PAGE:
As I already noted (post of Feb 27) $550,000 net worth is probably okay for most to have a comfortable 20 years of retirement.  This would be until roughly age 85. Now extend that to 95 but with 2 percent inflation (conservatively) factored in each year and you come to $770,000. Take the tally on to age 105 and you are looking at $880,000 and to 115 we get, $990,000 and to 125 you're at $1.1 million and to 135 you're at $1.21 million.  We haven't  reached 142 yet, and I've not even factored into the mix medical inflation - including for prescription drug costs - and the fact that Medicare may only be in  voucher form by 2020. (Meaning seniors will have to pay most of the costs) And finally, for a wake up call compliments of CBS finance analyst Jill Schlesinger: 38 million Americans don't even have retirement accounts!

How does this reality square with TIME"s "longevity dispatches" fantasies? Well, it doesn't!

TIME also assumes in its prologue to the initial piece that: "Everyone wants to live longer", but that desire comes with caveats galore for rational folk . For example, why would anyone today,  at say age 67 or 68,  want to live to even 100 when numerous "hells" are set to be unleashed especially as climate change- global warming enters its ultimate phase?

If you think the climate hiccups being experienced now - including the constant polar vortex intrusions - are a big deal, stay tuned for the first year of no seasons and ensuing heat waves lasting 90-120 days with mean temperatures 100-110F. Even before then, say by 2025-2030 we will likely see electrical blackouts over extended periods, water shutdowns (or breakdowns of decaying urban water delivery systems, since we haven't done shit to repair them) and even power grids collapsing from excess demand - with tens of millions trying to "stay cool",  keeping thermostats at 81F.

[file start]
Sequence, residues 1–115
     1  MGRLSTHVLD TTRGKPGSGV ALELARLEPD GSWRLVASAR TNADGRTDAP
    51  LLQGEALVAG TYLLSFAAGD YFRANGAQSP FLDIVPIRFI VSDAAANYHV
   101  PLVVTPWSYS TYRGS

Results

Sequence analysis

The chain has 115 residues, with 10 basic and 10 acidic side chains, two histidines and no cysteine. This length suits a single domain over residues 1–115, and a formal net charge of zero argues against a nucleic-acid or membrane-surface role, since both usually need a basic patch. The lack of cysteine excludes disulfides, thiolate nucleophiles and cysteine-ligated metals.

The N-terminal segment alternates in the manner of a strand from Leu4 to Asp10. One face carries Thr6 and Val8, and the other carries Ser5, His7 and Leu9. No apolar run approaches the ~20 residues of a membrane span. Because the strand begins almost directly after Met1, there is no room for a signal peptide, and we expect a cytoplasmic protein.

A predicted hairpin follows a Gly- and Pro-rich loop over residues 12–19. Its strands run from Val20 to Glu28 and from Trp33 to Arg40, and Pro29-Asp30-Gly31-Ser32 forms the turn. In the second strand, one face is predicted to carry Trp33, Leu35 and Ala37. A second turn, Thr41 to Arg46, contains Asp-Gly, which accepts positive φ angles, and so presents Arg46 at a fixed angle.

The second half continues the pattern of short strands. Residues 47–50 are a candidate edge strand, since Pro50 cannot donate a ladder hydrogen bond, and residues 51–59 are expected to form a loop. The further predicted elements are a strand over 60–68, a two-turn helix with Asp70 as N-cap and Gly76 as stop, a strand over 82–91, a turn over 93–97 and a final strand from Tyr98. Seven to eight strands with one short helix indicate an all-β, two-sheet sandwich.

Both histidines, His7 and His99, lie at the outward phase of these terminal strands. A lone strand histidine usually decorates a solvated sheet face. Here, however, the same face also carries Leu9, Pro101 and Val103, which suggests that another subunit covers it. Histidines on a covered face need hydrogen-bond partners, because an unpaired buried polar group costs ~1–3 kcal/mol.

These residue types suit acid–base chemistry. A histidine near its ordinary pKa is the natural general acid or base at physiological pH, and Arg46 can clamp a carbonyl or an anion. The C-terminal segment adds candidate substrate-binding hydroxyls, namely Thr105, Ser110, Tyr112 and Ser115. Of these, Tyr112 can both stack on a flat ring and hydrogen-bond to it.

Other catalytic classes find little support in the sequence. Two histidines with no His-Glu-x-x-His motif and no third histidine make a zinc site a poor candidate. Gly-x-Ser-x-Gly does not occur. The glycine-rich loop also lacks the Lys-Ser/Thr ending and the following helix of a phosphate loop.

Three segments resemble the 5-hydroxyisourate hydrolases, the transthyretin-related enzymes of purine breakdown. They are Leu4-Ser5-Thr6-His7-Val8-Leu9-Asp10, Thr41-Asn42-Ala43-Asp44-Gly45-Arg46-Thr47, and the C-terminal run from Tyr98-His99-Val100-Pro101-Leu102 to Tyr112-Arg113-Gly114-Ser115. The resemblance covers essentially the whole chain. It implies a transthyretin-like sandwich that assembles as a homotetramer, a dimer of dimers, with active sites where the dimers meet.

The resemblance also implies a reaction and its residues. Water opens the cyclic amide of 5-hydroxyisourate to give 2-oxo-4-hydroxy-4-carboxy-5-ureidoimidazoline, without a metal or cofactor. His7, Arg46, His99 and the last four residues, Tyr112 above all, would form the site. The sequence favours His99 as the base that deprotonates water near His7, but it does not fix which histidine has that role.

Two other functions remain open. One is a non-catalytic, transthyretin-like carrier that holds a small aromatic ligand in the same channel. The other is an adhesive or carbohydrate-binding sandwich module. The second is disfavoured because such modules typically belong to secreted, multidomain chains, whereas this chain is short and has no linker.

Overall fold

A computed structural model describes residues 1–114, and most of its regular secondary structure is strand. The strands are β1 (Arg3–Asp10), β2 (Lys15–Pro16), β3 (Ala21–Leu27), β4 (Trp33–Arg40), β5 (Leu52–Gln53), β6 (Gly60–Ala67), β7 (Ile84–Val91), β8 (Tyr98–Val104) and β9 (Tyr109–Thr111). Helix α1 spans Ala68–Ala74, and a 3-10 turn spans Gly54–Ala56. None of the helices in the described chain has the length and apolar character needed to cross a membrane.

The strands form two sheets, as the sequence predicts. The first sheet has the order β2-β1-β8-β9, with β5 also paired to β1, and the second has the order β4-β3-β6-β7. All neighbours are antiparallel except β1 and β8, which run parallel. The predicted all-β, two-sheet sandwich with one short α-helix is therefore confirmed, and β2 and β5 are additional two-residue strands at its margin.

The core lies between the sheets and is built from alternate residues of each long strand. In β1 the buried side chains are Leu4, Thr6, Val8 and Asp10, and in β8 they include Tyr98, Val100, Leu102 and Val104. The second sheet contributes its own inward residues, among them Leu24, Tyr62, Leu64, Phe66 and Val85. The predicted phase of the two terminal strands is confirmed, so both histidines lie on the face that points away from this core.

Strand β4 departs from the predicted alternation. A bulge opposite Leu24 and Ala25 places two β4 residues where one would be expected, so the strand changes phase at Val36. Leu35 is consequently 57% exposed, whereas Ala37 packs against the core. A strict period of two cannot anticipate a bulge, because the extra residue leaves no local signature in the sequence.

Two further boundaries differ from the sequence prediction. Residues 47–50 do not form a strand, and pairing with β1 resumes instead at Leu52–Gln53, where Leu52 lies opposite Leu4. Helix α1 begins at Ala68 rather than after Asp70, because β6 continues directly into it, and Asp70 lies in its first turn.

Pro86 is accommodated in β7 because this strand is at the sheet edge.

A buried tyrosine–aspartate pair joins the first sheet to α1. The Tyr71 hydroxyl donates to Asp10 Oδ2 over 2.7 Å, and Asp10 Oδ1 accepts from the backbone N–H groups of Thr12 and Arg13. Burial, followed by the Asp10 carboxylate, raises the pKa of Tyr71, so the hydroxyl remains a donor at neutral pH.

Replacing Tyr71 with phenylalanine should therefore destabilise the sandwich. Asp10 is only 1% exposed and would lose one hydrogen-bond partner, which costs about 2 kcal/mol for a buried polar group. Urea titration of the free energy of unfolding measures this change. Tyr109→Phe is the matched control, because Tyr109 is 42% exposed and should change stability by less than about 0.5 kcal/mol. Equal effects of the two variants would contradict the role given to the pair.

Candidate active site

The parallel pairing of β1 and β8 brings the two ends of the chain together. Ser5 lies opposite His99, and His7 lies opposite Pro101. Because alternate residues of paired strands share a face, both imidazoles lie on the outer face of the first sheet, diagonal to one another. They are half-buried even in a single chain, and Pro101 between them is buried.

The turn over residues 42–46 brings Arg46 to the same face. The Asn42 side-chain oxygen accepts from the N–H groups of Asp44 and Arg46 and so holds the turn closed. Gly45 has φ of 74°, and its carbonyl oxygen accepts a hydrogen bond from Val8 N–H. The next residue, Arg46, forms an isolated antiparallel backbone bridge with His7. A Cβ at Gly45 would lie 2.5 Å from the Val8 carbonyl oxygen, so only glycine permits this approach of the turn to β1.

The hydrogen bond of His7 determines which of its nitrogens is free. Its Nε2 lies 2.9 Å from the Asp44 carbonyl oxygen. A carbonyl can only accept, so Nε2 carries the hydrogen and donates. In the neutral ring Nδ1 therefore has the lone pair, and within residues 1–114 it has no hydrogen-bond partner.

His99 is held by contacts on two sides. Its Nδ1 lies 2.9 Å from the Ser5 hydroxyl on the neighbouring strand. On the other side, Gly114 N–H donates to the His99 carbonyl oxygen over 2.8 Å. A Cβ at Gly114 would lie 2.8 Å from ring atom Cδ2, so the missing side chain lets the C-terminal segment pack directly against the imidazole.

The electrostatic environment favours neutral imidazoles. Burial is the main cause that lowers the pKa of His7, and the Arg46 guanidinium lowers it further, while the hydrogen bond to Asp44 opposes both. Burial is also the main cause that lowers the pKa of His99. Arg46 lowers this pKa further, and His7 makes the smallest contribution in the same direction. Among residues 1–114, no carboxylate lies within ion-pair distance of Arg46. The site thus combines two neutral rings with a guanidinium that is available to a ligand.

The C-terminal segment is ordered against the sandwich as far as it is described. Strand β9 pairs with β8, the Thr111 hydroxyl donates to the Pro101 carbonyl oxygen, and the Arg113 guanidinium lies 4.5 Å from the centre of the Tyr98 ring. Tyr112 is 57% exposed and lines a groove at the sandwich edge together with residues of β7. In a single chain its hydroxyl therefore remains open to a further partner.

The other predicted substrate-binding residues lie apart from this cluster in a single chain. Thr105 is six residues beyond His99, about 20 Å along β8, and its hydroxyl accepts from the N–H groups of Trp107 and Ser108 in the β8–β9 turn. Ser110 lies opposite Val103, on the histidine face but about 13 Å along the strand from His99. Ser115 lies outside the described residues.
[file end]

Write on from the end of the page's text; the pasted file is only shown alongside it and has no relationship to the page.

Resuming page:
You really want to stretch your years out to live in those conditions?  REALLY? Well sure, the richest one percent will because they can afford to - living in their golden -gated condos far from the decaying cities that will have no backup power. Just as the wealthy now enjoy nice clean air and water because the frackers mostly won't go near  their upscale environs. No, they prefer to crank out their  fracking effluent near where the poorer populations live.  Those who will get the cancers and lung diseases that they won't be able to treat because the medical costs will bankrupt them. 

On the positive side, and there is a little bit, there are a few nuggets of useful advice in the several articles that can enable people to enhance their health and life quality. Examples: meditating - to "extend length of telomeres " to delay aging, and just "jumping up and down 20 times a day can improve bone density". But these are relegated too far to the latter pages while the longevity Pollyannas bloviate over the front pages.

 Sure, we'd all like to live to 142, or maybe just 100 -  if we've already entered the gray zone - but only if we can retain all our 'marbles' and also have the funds to support ourselves without having to beg on the street for dimes or leftover cat food. Oh, and only if the world and conditions coming fast at us won't be replicating another Venus!